Maine Coons declined in popularity in the early 20th Century and were declared extinct in the 1950s. This was proven to be a premature assumption.

The Central Maine Cat Club (CMCC) was formed and the popularity of the Maine Coon began to increase. The club is accredited for creating the first written breed standards for Maine Coon cats.

The Maine Coon was provisionally accepted as a breed by the CFA in 1975 and approved in 1976. From then on its popularity increased and in 1985 the state of Maine declared that the breed was to be named as the Official State Cat.

Maine Coon Guide: Tabby Maine Coon

Maine Coons are Large Cats

This native American long-haired cat is one of the largest domestic cats in the world. People have long been fascinated by its sheer size and breeders have used techniques to produce larger specimens, such as mating larger males and females. 

It is not good practice to attempt to increase the size of your Maine Coon with diet. This will lead to an overweight cat. Look down at a standing Maine Coon from above to determine if it is a healthy size or overweight.

You should be able to see a slight indent between its ribs and its hips if it is a healthy weight. If this indent is too prominent, this is a sign of it being underweight and if it is unnoticeable or wider than the rib cage your cat is overweight.

Maine Coon guide: Large red tabby Maine Coon

How big can they grow?

Maine coons can grow to quite a size. There are three different measurements to take when determining the size of a Maine Coon: weight, length, and height. Remember Maine Coons can keep growing until they are about 4 years old.

How Much Does a Maine Coon Cat Weigh?

If you are good at math, weigh yourself, then weigh yourself again with your Maine Coon in your arms. Deduct the second weight from the first and you will be left with the weight of your cat. When fully grown a Maine Coon typically weighs between 8 and 18 lbs. Females are often lighter than males. If you prefer a more accurate weight measurement you can invest in a platform scale. Here’s one we recommend.

How long is a Maine Coon?

Take a tape measure and measure your cat from the tip of its nose to the base of its tail. Then take a second measurement from the base of its tail to the bony tip. Add these two measurements to find the overall length.

A typical adult is about 40 inches long and the tail can be almost half of this amount.

How tall is a Maine Coon?

As a Maine Coon has erect ears, to find its overall height you can measure from the ground to the tips of its ears.

But the height measurement should really be taken from its shoulder to the ground when it is standing up on all four legs, not sitting. An adult Maine Coon’s height can vary greatly so expect anything from 10 to 16 inches.

Maine Coon guide: Large tabby Maine Coon

The Longest Maine Coons on record

A grey tabby Maine Coon from the USA, known as Stewie, was crowned the world’s longest domestic cat on August 28th 2010.  He measured 48.5 inches. Sadly he passed away in 2013.

The record is currently held by Ludo from England.  On October 6th 2015, he was measured by the Guinness World Records as being 46.5 inches long.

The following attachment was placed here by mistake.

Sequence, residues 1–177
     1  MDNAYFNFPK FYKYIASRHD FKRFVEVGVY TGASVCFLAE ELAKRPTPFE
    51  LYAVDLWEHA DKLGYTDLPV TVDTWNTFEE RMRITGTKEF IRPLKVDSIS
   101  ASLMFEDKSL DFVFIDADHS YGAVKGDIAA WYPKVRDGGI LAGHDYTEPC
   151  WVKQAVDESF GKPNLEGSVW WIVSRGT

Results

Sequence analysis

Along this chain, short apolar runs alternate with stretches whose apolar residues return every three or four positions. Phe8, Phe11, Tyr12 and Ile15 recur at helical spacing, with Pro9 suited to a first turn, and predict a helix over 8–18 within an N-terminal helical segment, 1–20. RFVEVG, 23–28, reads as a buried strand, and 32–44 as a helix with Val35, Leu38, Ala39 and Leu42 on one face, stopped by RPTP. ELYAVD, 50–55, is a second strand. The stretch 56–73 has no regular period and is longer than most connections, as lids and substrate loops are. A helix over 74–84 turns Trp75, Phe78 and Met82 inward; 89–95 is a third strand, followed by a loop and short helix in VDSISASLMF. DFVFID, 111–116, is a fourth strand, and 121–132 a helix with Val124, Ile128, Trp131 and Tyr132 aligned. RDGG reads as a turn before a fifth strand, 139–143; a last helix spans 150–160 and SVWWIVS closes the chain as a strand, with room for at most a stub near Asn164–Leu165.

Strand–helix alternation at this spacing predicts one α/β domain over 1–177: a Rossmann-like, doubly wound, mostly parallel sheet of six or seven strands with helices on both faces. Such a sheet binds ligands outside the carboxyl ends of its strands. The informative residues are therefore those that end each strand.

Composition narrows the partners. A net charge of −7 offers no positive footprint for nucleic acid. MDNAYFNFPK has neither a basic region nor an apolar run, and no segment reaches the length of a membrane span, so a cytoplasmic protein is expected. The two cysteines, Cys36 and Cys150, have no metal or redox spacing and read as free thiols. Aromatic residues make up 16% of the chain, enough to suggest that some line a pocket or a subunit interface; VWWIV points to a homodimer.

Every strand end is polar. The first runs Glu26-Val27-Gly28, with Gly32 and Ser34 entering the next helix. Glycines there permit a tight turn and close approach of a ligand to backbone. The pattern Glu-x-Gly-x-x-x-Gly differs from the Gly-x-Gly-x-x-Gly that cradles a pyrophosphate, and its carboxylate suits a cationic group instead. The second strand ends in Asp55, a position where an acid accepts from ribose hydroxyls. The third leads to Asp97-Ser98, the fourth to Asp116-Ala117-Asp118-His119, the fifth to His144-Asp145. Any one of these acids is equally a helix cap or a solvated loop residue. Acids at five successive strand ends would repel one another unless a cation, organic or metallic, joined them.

What are the Physical Characteristics Of a Maine Coon Cat?

Apart from their size and long-hair, there are many characteristics that set  Maine Coons apart from other domestic cats.

Facial features

Their ears are large and triangular. These are taller than they are wide and have little tufts at the tips, also known as lynx-tips, as well as fur sprouting on the inner surfaces, known as ear furnishings.

Maine Coon guide: Red classic tabby Maine Coon

They have high, well- defined cheekbones set in a fairly square-shaped face. Their wide-set, almond-shaped eyes can be shades of green or amber. These are set either side of a long, wide nose.


Maine Coons are sturdy, muscular cats with large bones, broad chests and rectangular bodies. They have long legs and large tufty paws which are perfect for spreading their weight when walking on snow.

Coat and Tail

A Maine Coon’s coat is long and silky. It has a waterproof property which means that snow or rain settle on its surface without penetrating through to the skin.

The length of a Maine Coon’s fur varies in different areas of its body. The face, top of  head, front legs and shoulders have shorter fur. It grows longer along the back and down the sides.

The collar area can be quite a lot longer and thicker, giving the impression of a lion-like mane. From the rear view, the long fluff of the hind legs is reminiscent of a pair of old-fashioned britches. The belly fur is shaggy and often looks (dare I say) a little scruffy.

Maine Coon guide: Fluffy cat tail

A Maine Coon’s tail is generally about as long as its body. It is wide at the base and tapers to a narrow tip. The fur along the top of the tail is long and silky whereas the underneath surface is just as long but fluffier in appearance, giving the tail a luxurious, bushy appearance.

Coat Colors

No Maine Coon guide would be complete without a section on the beautiful colors of this breed’s fur. There are at least 75 different coats.

Solid Colors

  • Black
  • White
  • Red (also referred to as ginger or orange)
  • Blue (also referred to as grey)
  • Cream

Smoke Colors

  • Black smoke
  • Blue smoke
  • Red smoke
  • Cream smoke
  • Tortie smoke
  • Blue Tortie smoke

Classic Tabby Colors